My favorite way to make weight bags is by adding playground sand to a sealable sandwich bag. Make sure the bag has a strong zipper or add a bit of tape to keep it sealed. That’s it!

Step 5 – Cover the Tray

You want to block light from the seeds for 5 to 6 days. This will improve the germination process, and help grow strong pea shoot microgreens.

Once you place the cover on the tray, don’t remove it for 2 days. On the 3rd day, remove the cover to make sure there is still plenty of water available. As soon as you’ve done this, put the cover back on.

Pea Shoot Microgreens Growing Cycle

Microgreens are low maintenance. Using this method, all you need to do is make sure there’s water in the tray.

Don’t do anything on days one and two. If you added enough water to touch the bottom of the peas when planting, there will be plenty to supply the seeds for the first two days. The best thing to do is leave them alone, and let them do their thing.

On days three and four check the water level in the tray. Leave the weights in place, unless you have to remove them to add/check the water.

On days five and six, the pea shoots are going to be a yucky translucent yellow color. That’s normal. They haven’t received any sunlight yet, so they aren’t producing much chlorophyll. On day six, remove the cover and weight for good. It’s time for those microgreens to get some sun. Place the tray under a grow light, or by a sunny window and they’ll look amazing in no time.

Continue to check the water level in the tray every day.

Around day ten the microgreens are ready to harvest.

Pea shoot hydroponic microgreens ready to harvest

Harvesting Pea Shoot Microgreens

Once pea shoots reach 3 to 4 inches in length, they’re ready to harvest as microgreens. After they’ve developed the first set of true leaves and tendrils (the wispy things) they’re ready to harvest as pea shoots.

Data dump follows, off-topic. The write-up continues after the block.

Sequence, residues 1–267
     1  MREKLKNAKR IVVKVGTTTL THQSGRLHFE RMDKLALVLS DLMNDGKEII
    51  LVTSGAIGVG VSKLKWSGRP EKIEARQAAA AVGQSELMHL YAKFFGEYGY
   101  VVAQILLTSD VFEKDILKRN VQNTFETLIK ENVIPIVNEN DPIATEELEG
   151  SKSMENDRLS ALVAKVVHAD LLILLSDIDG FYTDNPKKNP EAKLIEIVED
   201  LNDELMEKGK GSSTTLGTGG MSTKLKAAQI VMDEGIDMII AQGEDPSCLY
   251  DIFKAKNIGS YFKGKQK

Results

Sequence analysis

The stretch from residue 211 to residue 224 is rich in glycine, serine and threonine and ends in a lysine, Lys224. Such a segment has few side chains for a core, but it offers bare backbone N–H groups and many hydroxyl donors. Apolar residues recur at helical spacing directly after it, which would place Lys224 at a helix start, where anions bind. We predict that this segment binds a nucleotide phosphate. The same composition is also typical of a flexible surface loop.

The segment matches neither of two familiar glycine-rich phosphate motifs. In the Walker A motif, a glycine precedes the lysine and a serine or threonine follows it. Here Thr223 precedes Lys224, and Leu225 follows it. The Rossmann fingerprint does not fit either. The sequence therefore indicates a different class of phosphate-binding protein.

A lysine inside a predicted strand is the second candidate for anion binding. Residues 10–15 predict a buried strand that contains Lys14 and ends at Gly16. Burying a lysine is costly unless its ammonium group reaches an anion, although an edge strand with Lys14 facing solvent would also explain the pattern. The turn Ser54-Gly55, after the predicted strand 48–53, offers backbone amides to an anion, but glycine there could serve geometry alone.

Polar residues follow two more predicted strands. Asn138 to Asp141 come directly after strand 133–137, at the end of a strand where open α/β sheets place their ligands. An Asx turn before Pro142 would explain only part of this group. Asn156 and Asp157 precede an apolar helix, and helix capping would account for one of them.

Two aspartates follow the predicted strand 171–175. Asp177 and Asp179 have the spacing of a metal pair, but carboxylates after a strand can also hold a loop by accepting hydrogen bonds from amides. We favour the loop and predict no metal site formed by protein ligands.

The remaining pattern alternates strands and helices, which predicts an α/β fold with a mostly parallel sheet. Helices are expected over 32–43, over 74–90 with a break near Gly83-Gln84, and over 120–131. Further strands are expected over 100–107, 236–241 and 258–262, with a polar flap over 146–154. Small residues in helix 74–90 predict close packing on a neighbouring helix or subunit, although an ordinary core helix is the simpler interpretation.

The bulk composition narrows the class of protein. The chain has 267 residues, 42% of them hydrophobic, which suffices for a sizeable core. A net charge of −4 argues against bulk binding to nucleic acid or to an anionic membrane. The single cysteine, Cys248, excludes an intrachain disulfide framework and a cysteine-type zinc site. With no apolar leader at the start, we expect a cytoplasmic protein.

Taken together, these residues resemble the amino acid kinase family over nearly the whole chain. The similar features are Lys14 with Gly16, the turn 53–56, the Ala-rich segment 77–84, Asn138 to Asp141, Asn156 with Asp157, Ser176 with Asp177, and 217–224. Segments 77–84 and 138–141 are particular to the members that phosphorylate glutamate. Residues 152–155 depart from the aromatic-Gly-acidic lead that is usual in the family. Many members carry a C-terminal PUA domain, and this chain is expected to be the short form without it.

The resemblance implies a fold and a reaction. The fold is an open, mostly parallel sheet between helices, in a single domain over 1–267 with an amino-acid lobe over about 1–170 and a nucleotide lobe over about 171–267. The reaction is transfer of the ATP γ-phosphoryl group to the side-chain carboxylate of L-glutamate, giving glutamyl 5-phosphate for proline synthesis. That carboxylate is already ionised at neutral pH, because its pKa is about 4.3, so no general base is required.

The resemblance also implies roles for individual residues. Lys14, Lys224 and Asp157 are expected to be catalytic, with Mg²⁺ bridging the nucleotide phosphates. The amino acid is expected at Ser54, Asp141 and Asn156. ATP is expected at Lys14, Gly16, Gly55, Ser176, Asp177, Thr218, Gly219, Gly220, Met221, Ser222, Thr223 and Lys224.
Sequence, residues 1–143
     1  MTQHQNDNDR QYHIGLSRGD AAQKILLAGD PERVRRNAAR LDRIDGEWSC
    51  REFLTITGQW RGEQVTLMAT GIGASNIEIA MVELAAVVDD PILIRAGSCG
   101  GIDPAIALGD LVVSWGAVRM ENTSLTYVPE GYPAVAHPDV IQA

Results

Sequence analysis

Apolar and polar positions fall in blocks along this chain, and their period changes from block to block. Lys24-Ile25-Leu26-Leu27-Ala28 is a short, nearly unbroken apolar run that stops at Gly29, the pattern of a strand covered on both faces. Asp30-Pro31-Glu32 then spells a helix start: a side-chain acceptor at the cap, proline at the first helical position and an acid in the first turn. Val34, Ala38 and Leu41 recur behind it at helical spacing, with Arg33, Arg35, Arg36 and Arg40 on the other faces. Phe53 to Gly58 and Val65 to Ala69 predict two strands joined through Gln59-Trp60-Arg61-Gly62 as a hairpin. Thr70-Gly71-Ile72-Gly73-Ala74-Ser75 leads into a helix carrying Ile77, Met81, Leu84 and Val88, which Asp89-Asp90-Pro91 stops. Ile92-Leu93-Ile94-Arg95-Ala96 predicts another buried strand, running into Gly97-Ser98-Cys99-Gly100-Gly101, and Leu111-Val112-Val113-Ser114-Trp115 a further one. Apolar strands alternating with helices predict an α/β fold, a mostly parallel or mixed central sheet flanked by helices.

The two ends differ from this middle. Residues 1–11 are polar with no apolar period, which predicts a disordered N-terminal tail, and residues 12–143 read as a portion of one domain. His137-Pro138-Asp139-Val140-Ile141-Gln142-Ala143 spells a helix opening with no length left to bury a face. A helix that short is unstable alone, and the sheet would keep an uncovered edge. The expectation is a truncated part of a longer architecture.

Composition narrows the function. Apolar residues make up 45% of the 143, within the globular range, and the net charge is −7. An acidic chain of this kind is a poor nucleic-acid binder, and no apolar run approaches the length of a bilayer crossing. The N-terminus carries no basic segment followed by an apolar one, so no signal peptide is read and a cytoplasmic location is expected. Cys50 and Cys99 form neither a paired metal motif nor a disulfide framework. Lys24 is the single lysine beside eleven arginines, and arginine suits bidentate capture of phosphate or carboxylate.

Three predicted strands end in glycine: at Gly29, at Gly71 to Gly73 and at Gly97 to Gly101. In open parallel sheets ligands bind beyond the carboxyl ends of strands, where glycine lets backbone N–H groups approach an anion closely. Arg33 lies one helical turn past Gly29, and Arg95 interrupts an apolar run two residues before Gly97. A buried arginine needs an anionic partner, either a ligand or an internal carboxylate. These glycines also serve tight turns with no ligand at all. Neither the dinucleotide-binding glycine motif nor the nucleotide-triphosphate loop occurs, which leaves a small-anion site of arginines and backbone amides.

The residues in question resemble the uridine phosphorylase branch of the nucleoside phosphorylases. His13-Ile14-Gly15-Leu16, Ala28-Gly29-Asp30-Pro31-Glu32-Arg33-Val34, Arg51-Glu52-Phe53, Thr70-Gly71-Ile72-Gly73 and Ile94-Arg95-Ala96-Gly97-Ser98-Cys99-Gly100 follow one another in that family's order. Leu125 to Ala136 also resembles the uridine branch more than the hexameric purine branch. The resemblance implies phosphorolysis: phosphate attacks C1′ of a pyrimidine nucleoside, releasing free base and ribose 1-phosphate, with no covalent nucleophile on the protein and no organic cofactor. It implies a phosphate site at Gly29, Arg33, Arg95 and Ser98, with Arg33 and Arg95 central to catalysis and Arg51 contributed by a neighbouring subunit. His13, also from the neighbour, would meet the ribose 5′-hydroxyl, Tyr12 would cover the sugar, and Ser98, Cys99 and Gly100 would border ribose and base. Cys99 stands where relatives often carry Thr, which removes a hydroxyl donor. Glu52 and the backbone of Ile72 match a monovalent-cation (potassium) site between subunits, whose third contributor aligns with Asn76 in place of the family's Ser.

There is a slight difference in flavor and texture between pea shoot microgreens, and pea shoots. I think the smaller microgreens are sweeter. When to harvest is based on your own personal preference.

To harvest pea shoots, cut the shoot close to the base with a pair of clean scissors. Containers with short sides make it easier to harvest more of the pea shoot.

It’s up to you, but I only cut what I want to use and let the rest continue growing. Pea shoots will continue to grow and stay fresh for several days.

Why I Like this Hydroponic Microgreens Method

My whole mission here at Happy Hydro Farm is to get people interested in growing their own food. One of the biggest barriers to that is the cost of supplies and equipment.

Methods like this make it easy for people to “dip their toes” in hydroponic gardening with minimal cost. Check it out for yourself, see how fun and easy growing your own food can be.

If you enjoy hydroponics, you can start picking up a few supplies here and there. Don’t think you need to have a cabinet full of equipment in order to get started.

This method illustrates that point.

Will the “Water Only” Method Work for Other Hydroponic Microgreens?

Yes, this method works well with “fast-growing” microgreens like:

These plants work well because they grow so fast. Any plant that can hit microgreen size in under 14 days can be grown using this method.

If you plan on experimenting with other types of plants, pay attention to the size of the seeds in relation to the size of the holes in the mesh tray. Pea shoots work well because the seeds are large.

For smaller seeds, you’ll need a tighter mesh or a hydroponic seed pad that goes in the bottom of the tray. This pad absorbs moisture but also keeps the smaller seeds from falling down out of the tray and into the water.

Chris Cook started Happy Hydro Farm to share his passion for hydroponic gardening! Growing your own food is incredibly rewarding both physically and mentally. His mantra - "Take excellent care of your plants, and your plants will take excellent care of you."